On Tuesday, SolarReserve explained through a statement that in support of the COP21 Paris agreement, the project delivers electricity to meet demand similar to traditional and nuclear energy resources,“except with zero emissions, no hazardous waste and low water use.”
SolarReserve’s CEO Kevin Smith said: “The climate deal unveiled in Paris has the potential to catalyse a global energy transformation. It will further accelerate implementation of renewables around the world, including within emerging markets such as Africa, Latin America and Asia.”
He added: “As renewable energy penetration grows, the need for cost-effective, utility-scale renewable generation with storage technology is becoming increasingly important for mitigating intermittency problems, delivering power into peak demand periods and supporting transmission system reliability.
“Our proven US-developed energy storage technology deployed at the Crescent Dunes facility is already being used as a blueprint for projects in these emerging markets.”
Solar energy project stimulate investment
Meanwhile, senate Democratic leader Harry Reid said the facility serves as an indication as to what Nevada “can accomplish with clean energy when we are serious about competing for investment in the global growth industry of the 21st century.”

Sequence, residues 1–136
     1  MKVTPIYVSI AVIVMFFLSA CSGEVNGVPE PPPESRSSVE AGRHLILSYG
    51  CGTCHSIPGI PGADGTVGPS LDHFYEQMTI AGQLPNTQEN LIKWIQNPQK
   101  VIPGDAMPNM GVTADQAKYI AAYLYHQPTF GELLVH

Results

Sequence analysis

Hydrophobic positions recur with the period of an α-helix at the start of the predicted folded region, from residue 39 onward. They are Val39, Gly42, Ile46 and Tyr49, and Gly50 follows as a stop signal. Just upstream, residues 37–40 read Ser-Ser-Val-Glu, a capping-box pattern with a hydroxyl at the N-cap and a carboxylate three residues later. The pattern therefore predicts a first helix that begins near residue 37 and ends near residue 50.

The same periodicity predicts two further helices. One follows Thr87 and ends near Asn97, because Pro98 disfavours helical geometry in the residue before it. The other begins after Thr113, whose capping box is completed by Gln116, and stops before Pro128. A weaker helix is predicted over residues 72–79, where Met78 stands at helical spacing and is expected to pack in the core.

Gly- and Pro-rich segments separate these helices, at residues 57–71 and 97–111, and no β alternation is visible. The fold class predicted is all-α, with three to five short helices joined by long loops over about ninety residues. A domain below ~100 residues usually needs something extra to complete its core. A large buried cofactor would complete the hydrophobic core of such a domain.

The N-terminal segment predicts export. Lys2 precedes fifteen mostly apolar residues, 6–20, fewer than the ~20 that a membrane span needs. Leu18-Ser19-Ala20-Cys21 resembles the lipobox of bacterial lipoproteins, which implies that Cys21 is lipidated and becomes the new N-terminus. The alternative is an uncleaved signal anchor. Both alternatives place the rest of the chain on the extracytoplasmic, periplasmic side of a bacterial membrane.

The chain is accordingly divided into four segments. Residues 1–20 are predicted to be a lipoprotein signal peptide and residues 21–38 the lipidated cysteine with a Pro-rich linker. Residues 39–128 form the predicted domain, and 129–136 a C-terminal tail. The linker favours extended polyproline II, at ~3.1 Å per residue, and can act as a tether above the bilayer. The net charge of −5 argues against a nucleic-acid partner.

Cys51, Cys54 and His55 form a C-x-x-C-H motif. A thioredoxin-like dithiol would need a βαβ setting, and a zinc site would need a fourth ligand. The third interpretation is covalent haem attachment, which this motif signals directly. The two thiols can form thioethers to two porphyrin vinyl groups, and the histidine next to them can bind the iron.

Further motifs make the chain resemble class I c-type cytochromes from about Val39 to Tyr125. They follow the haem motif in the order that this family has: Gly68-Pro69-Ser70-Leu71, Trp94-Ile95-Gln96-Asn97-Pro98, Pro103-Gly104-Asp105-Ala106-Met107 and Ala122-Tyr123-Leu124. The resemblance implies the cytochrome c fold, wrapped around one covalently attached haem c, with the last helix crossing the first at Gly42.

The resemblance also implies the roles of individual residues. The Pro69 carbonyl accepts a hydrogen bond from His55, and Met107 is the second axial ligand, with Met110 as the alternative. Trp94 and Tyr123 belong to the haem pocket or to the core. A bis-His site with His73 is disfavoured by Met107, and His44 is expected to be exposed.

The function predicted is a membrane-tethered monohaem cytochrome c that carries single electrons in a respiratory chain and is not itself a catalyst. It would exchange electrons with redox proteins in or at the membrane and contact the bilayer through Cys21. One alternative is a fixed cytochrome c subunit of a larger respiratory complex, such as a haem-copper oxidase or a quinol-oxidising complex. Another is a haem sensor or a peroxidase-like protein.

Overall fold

He continued: “Nevada will benefit for decades as engineers and experts from around the world come to Tonopah to see what is possible when the public and private sectors come together to build the next generation of clean energy technology.”
According to the company statement, the Crescent Dunes project, located near Tonopah, Nevada, first generated its pilot electricity in 2015, and has since then “passed the necessary test to reach full commercial operation under its 25-year Power Purchase Agreement with NV Energy, Nevada’s largest electric utility.”
SolarReserve said their solar energy storage innovation is set to overcome the obstacles faced by renewable energy resources as it will enable “the delivery of renewable baseload and dispatchable power that can compete head-to-head with traditional fossil-fired and nuclear electricity generation methods.”
Crescent Dunes Solar Energy Project – operation
The technology uses tracking mirrors, called heliostats, to focus the sun’s energy onto a receiver to directly heat molten salt and then store it so electricity can be produced day and night, according to the company statement.